Downloads

Download data is not yet available.

References

1. Chennapan K, Mullinax S, Anderson E, Landau MJ, Nordstrom K, Seupaul RA, et al. Medical screening of mental health patients in the emergency department: a systematic review. J Emerg Med. 2018;55(6):799-812.
2. Tintinalli JE, Peacock FWt, Wright MA. Emergency medical evaluation of psychiatric patients. Ann Emerg Med. 1994;23(4):859-62.
3. Fenton WS, Stover ES. Mood disorders: cardiovascular and diabetes comorbidity. Curr Opin Psychiatry. 2006;19(4):421-7.
4. Leucht S, Burkard T, Henderson J, Maj M, Sartorius N. Physical illness and schizophrenia: a review of the literature. Acta Psychiatr Scand. 2007;116(5):317-33.
5. Lwin AM, Symeon C, Jan F, Sule A. Morbidity and mortality in schizophrenia. Br J Hosp Med. 2011;72(11):628-30.
6. Mitchell AJ, Malone D. Physical health and schizophrenia. Curr Opin Psychiatry. 2006;19(4):432-7.
7. Saha S, Chant D, McGrath J. A systematic review of mortality in schizophrenia: is the differential mortality gap worsening over time? Arch Gen Psychiatry. 2007;64(10):1123-31.
8. Latoo J, Mistry M, Dunne FJ. Physical morbidity and mortality in people with mental illness. Br J Med Pract. 2013;6(3):621-3.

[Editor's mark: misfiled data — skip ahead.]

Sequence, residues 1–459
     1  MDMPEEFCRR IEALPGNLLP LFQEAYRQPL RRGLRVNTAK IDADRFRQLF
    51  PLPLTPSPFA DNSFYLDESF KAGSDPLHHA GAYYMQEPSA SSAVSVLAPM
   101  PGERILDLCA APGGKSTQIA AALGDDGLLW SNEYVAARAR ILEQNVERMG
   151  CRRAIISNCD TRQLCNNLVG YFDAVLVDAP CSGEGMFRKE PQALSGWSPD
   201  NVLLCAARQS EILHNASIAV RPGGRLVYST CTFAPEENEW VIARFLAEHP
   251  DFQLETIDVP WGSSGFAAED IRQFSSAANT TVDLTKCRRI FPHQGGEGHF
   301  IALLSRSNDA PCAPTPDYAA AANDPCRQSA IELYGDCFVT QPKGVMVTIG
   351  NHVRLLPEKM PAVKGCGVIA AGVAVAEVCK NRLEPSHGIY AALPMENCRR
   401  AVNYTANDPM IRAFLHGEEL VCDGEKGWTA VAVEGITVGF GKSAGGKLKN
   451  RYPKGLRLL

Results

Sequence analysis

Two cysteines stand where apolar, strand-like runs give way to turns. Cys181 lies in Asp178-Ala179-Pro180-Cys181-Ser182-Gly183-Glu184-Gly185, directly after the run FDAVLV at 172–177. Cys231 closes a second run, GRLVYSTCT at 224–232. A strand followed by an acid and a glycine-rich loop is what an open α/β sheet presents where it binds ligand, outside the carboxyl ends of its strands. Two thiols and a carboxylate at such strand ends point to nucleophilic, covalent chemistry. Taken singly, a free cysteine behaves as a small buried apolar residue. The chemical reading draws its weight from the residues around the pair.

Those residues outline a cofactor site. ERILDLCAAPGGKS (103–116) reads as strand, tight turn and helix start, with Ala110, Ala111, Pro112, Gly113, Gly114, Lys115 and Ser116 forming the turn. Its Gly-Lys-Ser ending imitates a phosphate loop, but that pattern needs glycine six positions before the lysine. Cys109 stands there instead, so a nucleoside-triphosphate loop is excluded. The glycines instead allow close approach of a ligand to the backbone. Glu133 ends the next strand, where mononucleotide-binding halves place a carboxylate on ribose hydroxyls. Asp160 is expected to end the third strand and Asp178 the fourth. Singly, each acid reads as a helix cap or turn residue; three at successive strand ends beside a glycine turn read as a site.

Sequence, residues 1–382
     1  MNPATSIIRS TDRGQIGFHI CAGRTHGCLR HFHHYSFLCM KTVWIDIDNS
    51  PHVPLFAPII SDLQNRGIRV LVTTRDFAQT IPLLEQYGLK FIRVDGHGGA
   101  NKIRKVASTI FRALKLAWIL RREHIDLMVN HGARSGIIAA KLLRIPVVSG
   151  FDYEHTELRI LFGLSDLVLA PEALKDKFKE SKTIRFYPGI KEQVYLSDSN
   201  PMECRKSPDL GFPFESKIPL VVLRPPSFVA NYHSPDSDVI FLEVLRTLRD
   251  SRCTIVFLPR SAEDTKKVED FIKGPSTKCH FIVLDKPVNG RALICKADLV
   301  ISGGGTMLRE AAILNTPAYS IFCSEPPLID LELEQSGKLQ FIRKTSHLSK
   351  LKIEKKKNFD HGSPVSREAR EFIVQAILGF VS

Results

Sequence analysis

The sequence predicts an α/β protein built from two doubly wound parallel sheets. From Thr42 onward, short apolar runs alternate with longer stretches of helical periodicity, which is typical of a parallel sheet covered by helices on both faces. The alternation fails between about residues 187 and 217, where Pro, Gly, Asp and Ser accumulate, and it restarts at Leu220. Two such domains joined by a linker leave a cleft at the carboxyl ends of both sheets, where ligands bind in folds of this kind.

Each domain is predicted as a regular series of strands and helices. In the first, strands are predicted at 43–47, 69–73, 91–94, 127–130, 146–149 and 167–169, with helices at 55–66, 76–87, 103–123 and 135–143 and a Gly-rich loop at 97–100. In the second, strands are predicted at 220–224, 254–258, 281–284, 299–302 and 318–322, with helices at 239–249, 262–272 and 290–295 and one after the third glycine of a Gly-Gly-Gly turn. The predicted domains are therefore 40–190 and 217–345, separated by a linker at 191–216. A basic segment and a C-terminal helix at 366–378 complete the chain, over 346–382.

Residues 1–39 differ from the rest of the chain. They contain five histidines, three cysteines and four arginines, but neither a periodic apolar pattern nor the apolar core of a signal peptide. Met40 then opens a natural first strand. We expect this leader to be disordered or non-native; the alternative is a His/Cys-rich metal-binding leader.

9. De Hert M, Cohen DA, Bobes J, Cetkovich‐Bakmas MA, Leucht S, Ndetei DM, et al. Physical illness in patients with severe mental disorders. II. Barriers to care, monitoring and treatment guidelines, plus recommendations at the system and individual level. World psychiatry. 2011;10(2):138-51.
10. Felker B, Yazel JJ, Short D. Mortality and medical comorbidity among psychiatric patients: a review. Psychiatr Serv. 1996;47(12):1356-63.
11. Krummel S, Kathol RG. What you should know about physical evaluations in psychiatric patients: Results of a survey. Gen Hosp Psychiatry. 1987;9(4):275-9.
12. McIntyre JS, Romano J. Is there a stethoscope in the house (and is it used)? Arch Gen Psychiatry. 1977;34(10):1147-51.
13. Summers WK, Munoz RA, Read MR. The psychiatric physical examination - Part I: methodology. J Clin Psychiatry. 1981;42(3):95-8.